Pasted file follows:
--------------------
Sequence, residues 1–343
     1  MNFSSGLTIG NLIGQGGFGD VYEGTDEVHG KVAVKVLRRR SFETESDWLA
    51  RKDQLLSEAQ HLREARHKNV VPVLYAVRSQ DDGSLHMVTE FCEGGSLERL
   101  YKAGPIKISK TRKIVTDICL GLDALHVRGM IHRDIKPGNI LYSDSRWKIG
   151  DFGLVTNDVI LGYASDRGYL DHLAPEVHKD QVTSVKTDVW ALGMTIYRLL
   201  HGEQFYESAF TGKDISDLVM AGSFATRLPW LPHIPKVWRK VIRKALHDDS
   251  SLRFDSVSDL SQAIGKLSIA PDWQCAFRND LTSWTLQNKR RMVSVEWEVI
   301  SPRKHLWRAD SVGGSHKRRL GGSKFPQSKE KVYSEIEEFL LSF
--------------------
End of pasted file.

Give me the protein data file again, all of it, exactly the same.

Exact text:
Sequence, residues 1–343
     1  MNFSSGLTIG NLIGQGGFGD VYEGTDEVHG KVAVKVLRRR SFETESDWLA
    51  RKDQLLSEAQ HLREARHKNV VPVLYAVRSQ DDGSLHMVTE FCEGGSLERL
   101  YKAGPIKISK TRKIVTDICL GLDALHVRGM IHRDIKPGNI LYSDSRWKIG
   151  DFGLVTNDVI LGYASDRGYL DHLAPEVHKD QVTSVKTDVW ALGMTIYRLL
   201  HGEQFYESAF TGKDISDLVM AGSFATRLPW LPHIPKVWRK VIRKALHDDS
   251  SLRFDSVSDL SQAIGKLSIA PDWQCAFRND LTSWTLQNKR RMVSVEWEVI
   301  SPRKHLWRAD SVGGSHKRRL GGSKFPQSKE KVYSEIEEFL LSF